|July 8th||World Heritage Status|
On this day in 2006 UNESCO assigned World Heritage Status to designated parts of Cornwall and West Devon’s mining areas, those regions mainly dating from between 1700 and 1914. UNESCO’s justification was as follows:
‘ Much of the landscape of Cornwall and West Devon was transformed in the 18th and early 19th centuries as a result of the rapid growth of pioneering copper and tin mining. Its deep underground mines, engine houses, foundries, new towns, smallholdings, ports and harbours, and their ancillary industries together reflect prolific innovation which, in the early 19th century, enabled the region to produce two-thirds of the world’s supply of copper. The substantial remains are a testimony to the contribution Cornwall and West Devon made to the Industrial Revolution in the rest of Britain and to the fundamental influence the area had on the mining world at large. Cornish technology embodied in engines, engine houses and mining equipment was exported around the world. Cornwall and West Devon were the heartland from which mining technology rapidly spread.
The landscapes of Cornwall and west Devon were radically reshaped during the eighteenth and nineteenth centuries by deep mining for predominantly copper and tin. The remains of mines, engines houses, smallholdings, ports, harbours, canals, railways, tramroads, and industries allied to mining, along with new towns and villages reflect an extended period of industrial expansion and prolific innovation. Together these are testimony, in an inter-linked and highly legible way, to the sophistication and success of early, large-scale, industrialised non-ferrous hard-rock mining. The technology and infrastructure developed at Cornish and west Devon mines enabled these to dominate copper, tin and later arsenic production worldwide, and to greatly influence nineteenth century mining practice internationally.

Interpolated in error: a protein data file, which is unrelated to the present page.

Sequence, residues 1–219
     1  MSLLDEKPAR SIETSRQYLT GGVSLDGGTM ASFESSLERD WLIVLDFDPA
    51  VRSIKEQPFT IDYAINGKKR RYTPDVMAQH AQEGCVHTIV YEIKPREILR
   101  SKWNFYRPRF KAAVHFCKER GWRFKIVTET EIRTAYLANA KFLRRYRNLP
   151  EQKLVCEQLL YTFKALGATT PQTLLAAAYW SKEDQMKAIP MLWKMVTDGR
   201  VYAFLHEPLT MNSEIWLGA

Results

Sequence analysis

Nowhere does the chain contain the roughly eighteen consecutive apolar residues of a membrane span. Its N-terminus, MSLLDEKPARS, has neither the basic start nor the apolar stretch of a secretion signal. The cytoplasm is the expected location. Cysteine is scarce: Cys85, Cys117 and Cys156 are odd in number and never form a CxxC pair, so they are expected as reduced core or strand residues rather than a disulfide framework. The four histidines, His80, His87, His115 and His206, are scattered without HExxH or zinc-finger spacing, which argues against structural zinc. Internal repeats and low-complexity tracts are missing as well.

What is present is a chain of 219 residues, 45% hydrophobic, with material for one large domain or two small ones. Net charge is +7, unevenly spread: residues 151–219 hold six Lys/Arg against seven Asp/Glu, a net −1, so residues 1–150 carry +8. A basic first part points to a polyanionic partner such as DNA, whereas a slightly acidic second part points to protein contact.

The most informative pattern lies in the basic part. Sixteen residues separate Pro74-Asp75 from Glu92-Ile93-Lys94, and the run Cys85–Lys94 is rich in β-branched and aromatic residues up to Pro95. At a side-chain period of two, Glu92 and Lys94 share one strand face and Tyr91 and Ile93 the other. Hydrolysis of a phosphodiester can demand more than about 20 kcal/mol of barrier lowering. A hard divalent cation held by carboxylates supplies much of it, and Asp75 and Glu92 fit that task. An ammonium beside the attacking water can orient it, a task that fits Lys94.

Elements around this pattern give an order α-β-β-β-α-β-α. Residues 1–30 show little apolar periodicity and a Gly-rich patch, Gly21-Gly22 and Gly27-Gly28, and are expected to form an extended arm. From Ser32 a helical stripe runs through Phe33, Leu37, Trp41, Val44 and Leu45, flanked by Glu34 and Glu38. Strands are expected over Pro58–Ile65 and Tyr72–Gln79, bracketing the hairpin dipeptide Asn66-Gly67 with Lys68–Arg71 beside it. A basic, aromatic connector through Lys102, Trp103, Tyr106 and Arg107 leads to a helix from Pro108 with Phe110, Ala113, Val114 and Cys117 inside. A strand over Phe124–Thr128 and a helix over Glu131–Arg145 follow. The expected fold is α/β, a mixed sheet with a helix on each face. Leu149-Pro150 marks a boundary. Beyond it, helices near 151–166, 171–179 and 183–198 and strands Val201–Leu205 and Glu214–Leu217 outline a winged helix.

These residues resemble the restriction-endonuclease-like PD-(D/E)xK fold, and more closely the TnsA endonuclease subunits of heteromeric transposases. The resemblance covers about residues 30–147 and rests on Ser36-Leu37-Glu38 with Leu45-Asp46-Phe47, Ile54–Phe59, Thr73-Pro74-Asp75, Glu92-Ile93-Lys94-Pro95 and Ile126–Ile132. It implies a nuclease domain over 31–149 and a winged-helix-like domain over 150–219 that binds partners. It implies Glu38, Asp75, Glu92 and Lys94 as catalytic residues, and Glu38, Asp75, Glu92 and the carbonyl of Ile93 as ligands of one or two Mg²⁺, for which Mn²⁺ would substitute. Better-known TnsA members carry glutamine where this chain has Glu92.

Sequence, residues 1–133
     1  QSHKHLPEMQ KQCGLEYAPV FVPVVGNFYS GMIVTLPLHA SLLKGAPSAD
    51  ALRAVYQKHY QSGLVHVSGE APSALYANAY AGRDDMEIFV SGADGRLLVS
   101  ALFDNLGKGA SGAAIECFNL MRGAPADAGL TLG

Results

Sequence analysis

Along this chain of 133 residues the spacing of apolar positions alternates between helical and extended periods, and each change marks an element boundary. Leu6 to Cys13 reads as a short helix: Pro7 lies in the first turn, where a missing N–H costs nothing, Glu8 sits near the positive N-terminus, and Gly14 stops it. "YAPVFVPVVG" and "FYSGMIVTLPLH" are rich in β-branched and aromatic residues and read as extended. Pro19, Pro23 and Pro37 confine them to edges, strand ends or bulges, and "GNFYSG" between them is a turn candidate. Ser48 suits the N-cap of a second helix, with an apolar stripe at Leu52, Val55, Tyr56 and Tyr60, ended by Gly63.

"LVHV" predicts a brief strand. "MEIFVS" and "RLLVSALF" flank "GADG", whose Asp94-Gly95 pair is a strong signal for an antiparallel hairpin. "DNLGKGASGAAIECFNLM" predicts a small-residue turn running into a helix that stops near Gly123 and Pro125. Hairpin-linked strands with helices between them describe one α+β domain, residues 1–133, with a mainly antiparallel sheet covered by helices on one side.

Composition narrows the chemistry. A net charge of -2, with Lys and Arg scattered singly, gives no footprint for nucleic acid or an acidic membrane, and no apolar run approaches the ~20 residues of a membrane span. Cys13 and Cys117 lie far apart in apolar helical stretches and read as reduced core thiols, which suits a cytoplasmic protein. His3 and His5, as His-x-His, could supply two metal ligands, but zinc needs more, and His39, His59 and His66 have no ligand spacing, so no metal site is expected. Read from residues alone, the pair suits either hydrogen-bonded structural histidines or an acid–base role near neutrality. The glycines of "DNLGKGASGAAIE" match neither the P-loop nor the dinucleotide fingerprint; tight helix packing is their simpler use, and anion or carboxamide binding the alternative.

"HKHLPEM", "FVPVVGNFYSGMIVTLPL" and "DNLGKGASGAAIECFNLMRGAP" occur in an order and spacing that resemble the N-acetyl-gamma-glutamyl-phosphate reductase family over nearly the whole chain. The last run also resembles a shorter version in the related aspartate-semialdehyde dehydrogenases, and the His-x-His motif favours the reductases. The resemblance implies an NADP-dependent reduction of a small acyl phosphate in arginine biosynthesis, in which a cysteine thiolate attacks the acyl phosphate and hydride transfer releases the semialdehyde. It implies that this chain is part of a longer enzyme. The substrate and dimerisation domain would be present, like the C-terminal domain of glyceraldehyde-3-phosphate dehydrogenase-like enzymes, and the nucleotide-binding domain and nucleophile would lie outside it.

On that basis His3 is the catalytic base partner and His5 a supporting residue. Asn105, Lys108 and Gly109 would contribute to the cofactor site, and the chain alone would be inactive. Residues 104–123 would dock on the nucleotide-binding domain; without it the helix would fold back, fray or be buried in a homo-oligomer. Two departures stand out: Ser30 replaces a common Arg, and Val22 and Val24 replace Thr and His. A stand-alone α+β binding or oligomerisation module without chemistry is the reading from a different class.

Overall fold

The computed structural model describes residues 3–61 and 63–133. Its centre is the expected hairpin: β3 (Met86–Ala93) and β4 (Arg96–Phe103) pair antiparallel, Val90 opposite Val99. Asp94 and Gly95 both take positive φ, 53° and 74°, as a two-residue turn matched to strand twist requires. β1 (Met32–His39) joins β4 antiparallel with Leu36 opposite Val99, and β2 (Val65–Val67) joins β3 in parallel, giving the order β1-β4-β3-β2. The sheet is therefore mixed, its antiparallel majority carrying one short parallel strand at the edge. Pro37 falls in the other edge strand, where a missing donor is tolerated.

The substantial remains within the Site are a prominent reminder of the contribution Cornwall and west Devon made to the Industrial Revolution in Britain and to the fundamental influence the area asserted on the development of mining globally. Innovative Cornish technology embodied in high-pressure steam engines and other mining equipment was exported around the world, concurrent with the movement of mineworkers migrating to live and work in mining communities based in many instances on Cornish traditions. The transfer of mining technology and related culture led to a replication of readily discernable landscapes overseas, and numerous migrant-descended communities prosper around the globe as confirmation of the scale of this influence.’